Collaborating with Kuyere on lowering the cost of solar equipment supply for ISEC

In this post I document the potential collaboration with Kuyere on lowering the cost of ISEC systems.

Kuyere is an ISEC provider in Malawi. You can read about our work at: and

We realize that the best way to lower the price of an ISEC in Malawi is by lowering the cost of the solar panels that the ISEC uses.

We are trying to create a scaleable system for lowering the cost of LONG LASTING solar parts to support ISECs and low-cost solar electric cooking as described in our recently published article.

This system involves getting low-interest loans to finance the low-overhead transportation and distribution of solar panels and other long-lasting materials and equipment as described in our recently published paper.

We are willing to collaborate with other members of the Cal Poly ISEC supergroup community to try to expand low-cost solar parts in support of solar electric cooking to other parts of Africa (and perhaps also the Caribbean).

The idea is that if we can collectively centralize the financing and management of container-scale shipments of such parts then it will be cheaper and more cost-effective than if we all do it individually. We are essentially become a de-facto “international distribution cooperative.”

I will try to post updates and progress regarding developments and progress regarding setting up and organizing this solar parts distribution collaborative in future posts.

Robert Van Buskirk
Kuyere/Innovating Generosity & Ecology

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My understanding is that initially the collaboration will include ISEC partners in the following countries: Togo, Cameroon, Uganda, and Jamaica.

The current tentative schedule for the collaboration is as follows:

Jan/Feb 2022: Explore parts and shipping costs.
Mar/Apr 2022: Make arrangements for initial test shipments
May to Aug 2022: Test shipments are sent, received and evaluated
Sept/Oct 2022: Make arrangements for 1-2 container-scale shipments based on which test shipments are the most successful.
2023: Send more containers based on a combination of repayments for first 1-2 containers and the ability to acquire additional low-interest loan financing for the collaboration.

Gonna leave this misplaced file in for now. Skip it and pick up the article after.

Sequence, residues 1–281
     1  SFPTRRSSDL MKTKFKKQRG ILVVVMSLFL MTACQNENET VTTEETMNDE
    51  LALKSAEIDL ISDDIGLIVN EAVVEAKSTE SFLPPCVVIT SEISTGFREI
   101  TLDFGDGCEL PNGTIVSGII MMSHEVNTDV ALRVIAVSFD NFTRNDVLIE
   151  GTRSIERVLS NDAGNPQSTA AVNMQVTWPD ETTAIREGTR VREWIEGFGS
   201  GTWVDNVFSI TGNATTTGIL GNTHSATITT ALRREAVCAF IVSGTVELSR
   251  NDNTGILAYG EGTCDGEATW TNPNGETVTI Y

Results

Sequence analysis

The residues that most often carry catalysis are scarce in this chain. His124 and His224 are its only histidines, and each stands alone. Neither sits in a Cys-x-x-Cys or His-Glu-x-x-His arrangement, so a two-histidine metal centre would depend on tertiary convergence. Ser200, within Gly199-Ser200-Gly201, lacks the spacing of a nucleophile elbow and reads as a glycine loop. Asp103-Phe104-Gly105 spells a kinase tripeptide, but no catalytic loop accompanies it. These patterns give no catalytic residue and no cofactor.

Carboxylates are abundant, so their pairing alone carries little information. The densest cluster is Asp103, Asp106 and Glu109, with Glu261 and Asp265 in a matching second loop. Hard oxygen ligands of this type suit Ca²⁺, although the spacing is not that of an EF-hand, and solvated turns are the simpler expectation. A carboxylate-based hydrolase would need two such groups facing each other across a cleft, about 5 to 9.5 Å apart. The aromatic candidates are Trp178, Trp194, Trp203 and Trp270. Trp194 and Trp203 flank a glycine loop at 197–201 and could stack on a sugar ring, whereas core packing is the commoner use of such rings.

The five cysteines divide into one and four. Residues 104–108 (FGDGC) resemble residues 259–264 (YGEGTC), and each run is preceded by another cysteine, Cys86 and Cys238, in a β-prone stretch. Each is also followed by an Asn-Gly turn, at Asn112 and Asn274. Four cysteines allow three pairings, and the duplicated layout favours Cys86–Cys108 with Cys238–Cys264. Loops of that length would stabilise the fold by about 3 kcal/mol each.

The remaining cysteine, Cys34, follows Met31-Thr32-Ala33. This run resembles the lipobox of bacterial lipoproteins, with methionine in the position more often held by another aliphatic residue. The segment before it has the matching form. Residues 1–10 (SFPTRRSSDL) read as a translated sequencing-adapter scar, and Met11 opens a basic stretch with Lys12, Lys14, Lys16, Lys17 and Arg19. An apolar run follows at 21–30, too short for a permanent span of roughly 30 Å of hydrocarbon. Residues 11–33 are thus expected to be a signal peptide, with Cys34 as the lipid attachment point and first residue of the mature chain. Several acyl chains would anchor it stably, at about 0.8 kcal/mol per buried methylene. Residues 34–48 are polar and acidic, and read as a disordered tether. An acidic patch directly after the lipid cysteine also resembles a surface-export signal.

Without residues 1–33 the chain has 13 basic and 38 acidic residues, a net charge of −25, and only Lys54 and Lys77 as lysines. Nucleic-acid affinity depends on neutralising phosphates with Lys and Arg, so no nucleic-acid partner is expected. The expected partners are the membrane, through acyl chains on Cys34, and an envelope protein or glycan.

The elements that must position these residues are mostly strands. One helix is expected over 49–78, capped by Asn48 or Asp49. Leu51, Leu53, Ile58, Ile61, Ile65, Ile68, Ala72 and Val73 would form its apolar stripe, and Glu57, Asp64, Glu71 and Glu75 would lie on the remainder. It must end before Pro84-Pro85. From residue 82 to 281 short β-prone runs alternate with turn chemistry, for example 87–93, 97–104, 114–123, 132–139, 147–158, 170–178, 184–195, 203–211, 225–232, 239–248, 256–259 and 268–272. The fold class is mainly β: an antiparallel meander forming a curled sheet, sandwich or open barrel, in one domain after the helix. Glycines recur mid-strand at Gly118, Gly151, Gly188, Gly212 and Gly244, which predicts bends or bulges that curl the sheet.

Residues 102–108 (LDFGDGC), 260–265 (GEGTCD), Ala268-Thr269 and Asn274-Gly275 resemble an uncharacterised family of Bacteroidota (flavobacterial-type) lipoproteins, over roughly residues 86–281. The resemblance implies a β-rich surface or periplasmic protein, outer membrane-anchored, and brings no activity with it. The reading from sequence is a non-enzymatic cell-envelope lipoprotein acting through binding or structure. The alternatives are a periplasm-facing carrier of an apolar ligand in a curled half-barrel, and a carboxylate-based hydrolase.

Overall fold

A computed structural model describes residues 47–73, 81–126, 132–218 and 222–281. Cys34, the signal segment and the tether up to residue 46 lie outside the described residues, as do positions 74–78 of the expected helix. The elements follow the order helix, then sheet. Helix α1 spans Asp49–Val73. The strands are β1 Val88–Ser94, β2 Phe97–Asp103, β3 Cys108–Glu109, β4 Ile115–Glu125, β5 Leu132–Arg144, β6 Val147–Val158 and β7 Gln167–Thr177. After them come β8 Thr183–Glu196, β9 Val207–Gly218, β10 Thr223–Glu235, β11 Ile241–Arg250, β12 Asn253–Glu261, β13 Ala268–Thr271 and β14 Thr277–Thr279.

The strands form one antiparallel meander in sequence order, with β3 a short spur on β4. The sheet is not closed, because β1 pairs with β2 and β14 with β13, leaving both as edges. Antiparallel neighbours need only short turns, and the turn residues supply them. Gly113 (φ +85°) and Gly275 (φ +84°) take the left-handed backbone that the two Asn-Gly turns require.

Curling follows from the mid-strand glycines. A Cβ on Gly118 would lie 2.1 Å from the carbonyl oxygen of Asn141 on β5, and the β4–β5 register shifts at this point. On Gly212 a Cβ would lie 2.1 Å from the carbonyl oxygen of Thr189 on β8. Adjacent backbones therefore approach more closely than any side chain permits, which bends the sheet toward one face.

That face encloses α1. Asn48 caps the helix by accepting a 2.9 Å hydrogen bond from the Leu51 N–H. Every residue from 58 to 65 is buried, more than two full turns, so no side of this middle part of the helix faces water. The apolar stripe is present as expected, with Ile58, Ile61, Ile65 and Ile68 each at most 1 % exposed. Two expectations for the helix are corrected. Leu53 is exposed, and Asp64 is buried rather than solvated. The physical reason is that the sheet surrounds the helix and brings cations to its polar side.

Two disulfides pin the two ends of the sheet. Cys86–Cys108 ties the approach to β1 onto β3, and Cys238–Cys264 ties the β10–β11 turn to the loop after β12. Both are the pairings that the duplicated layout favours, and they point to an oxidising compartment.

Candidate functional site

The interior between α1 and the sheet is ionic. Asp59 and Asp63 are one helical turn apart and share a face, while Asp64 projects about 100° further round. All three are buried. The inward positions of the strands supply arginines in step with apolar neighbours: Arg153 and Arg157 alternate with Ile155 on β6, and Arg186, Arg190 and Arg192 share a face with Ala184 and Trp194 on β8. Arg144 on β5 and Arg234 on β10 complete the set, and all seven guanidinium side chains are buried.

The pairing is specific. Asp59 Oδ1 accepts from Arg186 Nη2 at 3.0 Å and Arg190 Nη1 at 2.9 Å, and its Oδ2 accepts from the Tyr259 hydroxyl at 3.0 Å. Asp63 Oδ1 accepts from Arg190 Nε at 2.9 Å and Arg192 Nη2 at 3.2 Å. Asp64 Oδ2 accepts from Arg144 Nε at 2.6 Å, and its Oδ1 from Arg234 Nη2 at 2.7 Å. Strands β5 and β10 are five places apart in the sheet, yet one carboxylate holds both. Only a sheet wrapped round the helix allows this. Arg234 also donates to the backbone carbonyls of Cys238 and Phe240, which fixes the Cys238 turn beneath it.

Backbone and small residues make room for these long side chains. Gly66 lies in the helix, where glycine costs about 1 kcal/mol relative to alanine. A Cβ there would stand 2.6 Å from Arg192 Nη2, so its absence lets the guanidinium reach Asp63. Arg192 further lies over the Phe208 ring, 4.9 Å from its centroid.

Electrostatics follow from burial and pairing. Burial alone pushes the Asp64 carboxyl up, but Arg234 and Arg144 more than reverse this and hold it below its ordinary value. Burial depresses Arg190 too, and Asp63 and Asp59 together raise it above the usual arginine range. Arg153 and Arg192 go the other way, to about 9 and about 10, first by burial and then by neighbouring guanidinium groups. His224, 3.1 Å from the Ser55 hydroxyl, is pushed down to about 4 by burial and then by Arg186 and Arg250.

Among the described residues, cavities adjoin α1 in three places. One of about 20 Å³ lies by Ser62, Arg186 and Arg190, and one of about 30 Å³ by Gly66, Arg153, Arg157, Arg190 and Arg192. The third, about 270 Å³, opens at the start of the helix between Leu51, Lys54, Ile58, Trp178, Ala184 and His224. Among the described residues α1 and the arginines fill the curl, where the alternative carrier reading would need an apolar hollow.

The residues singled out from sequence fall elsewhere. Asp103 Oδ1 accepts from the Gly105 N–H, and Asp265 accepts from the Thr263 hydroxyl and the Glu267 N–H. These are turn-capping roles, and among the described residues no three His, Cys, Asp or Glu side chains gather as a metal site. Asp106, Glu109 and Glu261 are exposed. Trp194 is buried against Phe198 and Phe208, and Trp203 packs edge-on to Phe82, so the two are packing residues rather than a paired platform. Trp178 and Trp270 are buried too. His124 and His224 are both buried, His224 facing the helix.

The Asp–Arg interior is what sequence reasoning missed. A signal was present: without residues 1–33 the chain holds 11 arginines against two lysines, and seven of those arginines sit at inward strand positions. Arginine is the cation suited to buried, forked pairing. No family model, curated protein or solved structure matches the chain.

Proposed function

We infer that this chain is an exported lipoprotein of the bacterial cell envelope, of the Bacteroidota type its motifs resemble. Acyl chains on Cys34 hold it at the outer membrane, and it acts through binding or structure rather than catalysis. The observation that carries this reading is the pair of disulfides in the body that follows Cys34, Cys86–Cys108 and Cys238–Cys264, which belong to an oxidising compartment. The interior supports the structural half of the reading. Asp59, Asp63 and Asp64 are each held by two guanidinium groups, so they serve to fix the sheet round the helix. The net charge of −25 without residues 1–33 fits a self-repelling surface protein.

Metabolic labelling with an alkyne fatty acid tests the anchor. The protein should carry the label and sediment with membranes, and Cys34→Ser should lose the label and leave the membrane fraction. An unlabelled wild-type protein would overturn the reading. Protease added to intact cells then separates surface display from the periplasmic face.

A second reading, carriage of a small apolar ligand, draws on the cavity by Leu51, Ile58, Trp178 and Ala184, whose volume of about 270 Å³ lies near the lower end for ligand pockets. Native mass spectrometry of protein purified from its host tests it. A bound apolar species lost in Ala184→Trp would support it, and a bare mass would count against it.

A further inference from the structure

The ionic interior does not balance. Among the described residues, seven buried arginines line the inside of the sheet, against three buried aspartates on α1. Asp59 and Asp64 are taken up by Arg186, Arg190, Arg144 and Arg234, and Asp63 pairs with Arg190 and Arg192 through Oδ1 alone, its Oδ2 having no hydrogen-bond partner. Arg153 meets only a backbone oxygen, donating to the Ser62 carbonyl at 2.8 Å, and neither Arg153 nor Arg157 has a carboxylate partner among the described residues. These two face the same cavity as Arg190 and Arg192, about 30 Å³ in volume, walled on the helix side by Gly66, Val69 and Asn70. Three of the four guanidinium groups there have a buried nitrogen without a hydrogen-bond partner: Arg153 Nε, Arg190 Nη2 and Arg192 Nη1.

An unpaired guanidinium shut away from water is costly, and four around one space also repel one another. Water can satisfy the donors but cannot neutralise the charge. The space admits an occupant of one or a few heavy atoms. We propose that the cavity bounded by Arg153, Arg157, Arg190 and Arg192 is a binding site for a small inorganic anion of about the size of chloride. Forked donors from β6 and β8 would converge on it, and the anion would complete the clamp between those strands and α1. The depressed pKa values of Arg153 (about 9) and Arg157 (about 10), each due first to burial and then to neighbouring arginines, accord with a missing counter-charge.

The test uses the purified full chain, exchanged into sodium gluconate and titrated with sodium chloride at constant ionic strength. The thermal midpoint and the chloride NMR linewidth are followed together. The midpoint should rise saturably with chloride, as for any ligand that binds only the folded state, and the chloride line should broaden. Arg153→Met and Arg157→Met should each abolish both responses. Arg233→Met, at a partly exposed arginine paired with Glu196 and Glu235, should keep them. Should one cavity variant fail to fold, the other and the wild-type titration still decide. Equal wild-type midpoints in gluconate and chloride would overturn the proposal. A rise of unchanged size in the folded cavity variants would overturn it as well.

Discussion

Robert Van Buskirk

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Over the past week, I have been doing some research on current solar panel prices.

The results that I have so far is that for large solar panels (i.e. more than 60 cells per panel) should be obtainable at the factory door for about $0.17/watt, and that 100W solar panels should be available at the factory door for about $0.24/watt.

This means that we should be able to get the solar panels to the respective country port at container scale at about $0.25/W for large solar panels and for about $0.30/W for small solar panels. Then customs clearance, local logistics and clearance administration costs would need to be added to these values to get the whole delivered cost. This probably means that the delivered cost will be about $0.30/W for large solar panels and $0.35/W for smaller solar panels at container scale. Unless the government charges high fees and taxes for solar panels. Then the costs could be higher.

These costs should be compared to the local market prices to determine if it is likely to be profitable for the in-country partner to import solar panels through this collaboration.

Robert Van Buskirk

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It is profitable for us in Togo. The wholesale price is between 45 and 50 dollars now.

Thanks Salma: I think the offer will be as follows:

100W solar panels for about $30 each or
300W solar panels for about $75 each

Which ones will you prefer? The 100W solar panels or the 300W solar panels.

Hi Robert,
100W is movable so I prefer it.
Thank you.


Great. I hope to work out the details over the next month.